I am so fortunate to work with the people at Penguin Teen, who totally rock. They very kindly showed me several different cover ideas, and this was the one that really leapt out to all of us. I personally love covers that are visually arresting, but don't necessarily tell us everything about the story.

As far as the title goes, I have to be really honest with you and confess that I am TERRIBLE at titles. Really, really awful. The original working title for The Physick Book of Deliverance Dane was "Cunning Women." (Yawn.) The House of Velvet and Glass was originally called The Scrying Glass. (Huh?)

CONVERSION was my working title, and I fully expected that the title would be changed. But it wasn't! My next book has another long mouthful title, at least for now - it's called The Appearance of Annie van Sinderen. We'll see if that title survives the editorial process, though. Titles are much more difficult than one might think.


Katherine Howe (katherinehowe) | 6 comments A wrote: "I loved that you had Colleen's class read The Crucible. Did the play inspire you to write any particular scenes?"

Thanks for your question, A. I didn't look to The Crucible for any specific scenes in CONVERSION, but I had definitely been thinking about the play for a long time. The rant that Ms. Slater says to Colleen is basically taken straight out of my own mouth when teaching the play. Not that it isn't a wonderful work of literature, which of course it is. But look at the gender politics of it. The Crucible is all about John Proctor - his desire, his honor, his bravery, his nobility. Which is all well and good, except that the real Salem panic was about *women.* I've encountered enough readers who take The Crucible for a factual representation of the trials as they happened to make me question the utility of using it to teach about the 1600s (it's great for teaching about the 1950s). The fact that Ann Putnam Jr. is written out of it speaks for itself.


Katherine Howe (katherinehowe) | 6 comments Rachel wrote: "Hi Katherine! What are you planning on being for Halloween?"

I gave a talk for The Penguin Book of Witches earlier this month at the Salem Witch Museum, and the director there gifted me with my very own custom bespoke witch hat. It is black, with black netting, a few twigs, and a little yellow canary. I plan to wear my personal witch hat, possibly with pajama pants, and hand out candy. I'll be in costume as "a novelist who writes a lot about witches."

What are you planning to be?


Katherine Howe (katherinehowe) | 6 comments Bri wrote: "Hi Katherine! If you could have dinner with any of your characters, who would you choose and why? Personally, I would choose Colleen-I love her strong Type A personality and drive to solve the myst..."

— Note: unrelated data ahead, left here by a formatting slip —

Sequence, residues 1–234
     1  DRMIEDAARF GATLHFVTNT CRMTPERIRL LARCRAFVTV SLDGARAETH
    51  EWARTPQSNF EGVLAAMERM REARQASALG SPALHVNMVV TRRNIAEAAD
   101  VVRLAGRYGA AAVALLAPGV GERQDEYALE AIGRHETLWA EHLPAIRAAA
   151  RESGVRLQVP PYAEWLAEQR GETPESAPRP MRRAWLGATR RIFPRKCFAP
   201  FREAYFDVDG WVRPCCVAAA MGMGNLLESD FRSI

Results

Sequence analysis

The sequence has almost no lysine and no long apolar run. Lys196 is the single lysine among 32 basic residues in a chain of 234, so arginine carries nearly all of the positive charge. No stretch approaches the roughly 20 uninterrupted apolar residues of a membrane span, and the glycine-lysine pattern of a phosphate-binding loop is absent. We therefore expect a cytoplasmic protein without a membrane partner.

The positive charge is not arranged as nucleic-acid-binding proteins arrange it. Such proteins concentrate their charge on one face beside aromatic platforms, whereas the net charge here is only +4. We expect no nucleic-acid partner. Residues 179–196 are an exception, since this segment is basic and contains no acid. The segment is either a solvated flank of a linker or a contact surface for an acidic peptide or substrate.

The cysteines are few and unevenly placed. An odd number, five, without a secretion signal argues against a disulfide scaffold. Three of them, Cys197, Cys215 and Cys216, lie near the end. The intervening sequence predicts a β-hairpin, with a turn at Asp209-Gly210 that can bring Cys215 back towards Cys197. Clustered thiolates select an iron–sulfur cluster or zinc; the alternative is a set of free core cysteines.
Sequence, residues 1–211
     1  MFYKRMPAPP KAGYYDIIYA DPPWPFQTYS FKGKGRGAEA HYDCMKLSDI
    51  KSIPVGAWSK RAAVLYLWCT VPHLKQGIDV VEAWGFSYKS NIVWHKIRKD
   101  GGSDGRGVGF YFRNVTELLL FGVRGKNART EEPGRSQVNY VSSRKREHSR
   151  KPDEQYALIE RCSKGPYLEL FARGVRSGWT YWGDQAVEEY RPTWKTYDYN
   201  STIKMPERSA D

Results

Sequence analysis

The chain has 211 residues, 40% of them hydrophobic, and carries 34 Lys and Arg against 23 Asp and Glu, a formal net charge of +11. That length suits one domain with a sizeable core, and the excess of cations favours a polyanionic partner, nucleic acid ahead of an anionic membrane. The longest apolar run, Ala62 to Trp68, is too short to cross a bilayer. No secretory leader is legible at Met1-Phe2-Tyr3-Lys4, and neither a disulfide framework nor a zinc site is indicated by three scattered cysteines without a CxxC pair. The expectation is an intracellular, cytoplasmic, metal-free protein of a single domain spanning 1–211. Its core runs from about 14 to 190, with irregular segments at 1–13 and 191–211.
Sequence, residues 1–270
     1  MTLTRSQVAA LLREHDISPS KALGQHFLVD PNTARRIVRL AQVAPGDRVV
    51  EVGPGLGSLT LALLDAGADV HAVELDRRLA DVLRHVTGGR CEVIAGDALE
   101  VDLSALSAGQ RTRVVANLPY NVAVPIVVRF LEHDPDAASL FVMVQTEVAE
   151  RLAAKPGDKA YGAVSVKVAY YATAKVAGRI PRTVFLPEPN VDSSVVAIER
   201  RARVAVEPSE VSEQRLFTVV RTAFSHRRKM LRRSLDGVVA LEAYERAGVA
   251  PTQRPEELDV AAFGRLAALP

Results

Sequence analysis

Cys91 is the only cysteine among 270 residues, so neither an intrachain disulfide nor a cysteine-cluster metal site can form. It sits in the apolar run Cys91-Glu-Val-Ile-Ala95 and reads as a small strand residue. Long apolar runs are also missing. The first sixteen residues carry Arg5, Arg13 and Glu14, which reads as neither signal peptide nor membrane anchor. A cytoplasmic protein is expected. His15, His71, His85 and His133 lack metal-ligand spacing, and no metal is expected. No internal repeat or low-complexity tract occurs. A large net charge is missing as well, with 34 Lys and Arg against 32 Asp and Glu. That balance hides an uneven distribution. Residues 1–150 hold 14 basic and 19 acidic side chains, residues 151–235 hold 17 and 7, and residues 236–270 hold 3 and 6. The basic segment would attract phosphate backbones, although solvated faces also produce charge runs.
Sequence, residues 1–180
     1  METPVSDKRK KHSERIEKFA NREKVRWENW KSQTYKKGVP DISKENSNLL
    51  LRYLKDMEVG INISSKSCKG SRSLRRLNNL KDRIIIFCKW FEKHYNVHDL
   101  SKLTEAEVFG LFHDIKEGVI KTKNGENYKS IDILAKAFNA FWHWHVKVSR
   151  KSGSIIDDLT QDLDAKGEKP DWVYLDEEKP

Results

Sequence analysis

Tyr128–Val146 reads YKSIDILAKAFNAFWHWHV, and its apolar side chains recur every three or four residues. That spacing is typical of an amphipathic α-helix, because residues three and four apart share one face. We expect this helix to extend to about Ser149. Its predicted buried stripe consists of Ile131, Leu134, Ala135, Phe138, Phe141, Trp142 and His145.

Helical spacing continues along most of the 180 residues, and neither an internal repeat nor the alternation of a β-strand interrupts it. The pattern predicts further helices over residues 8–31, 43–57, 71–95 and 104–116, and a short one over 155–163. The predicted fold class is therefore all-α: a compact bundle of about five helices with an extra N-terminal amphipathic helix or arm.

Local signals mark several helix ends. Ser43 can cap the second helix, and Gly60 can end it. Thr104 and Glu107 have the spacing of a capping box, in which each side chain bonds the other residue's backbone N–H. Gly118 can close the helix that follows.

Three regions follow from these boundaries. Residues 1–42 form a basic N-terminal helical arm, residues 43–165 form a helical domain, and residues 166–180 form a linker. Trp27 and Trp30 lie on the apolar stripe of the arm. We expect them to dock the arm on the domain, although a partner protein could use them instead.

Ooooo! That's a great question. Colleen would be an obvious choice, though I'd worry she wouldn't be all that present, since she'd probably be worried about her homework. And I can't say Ms. Slater, because she's too similar to me, and so meeting her would probably cause a singularity that would make the universe fold in on itself.

I'd kind of like to have dinner with Jennifer Crawford, actually. She's got all the good gossip at St. Joan's. I always feel like she knows more than she's letting on.


Katherine Howe (katherinehowe) | 6 comments Britt wrote: "Hi Katherine, I absolutely loved CONVERSION. I've always had a fascination with the Salem witches and having a story with a modern day parallel was so cool to read. I'd love to know what your fa..."

Thank you, Britt. It's no secret that I spend an inordinate amount of time on research. I try to produce novels that readers can trust are really grounded in the historical record (even the magic stuff, which I base on beliefs of the time period). After I start feeling in command of my material, I'll sit down and make a big outline, using a spreadsheet. Only after that's done do I start writing the draft. The outline always changes, as characters sometimes do surprising things. Sometimes to get myself to be productive I will give myself a word count assignment. I really cranked on CONVERSION - that one had a 2000 words/day writing schedule when I was drafting. It made me pretty weird to hang out with for awhile.


message 18: by DarkAurora (last edited Nov 01, 2014 06:23AM) (new)

DarkAurora | 1 comments Hi Katherine!where do you get your ideas for your book?is it a personal experience? or is it that one of your close friends or family have had that experience?also when writing your book do you still do the things that normal people do like eat regulary and still talk to your friends?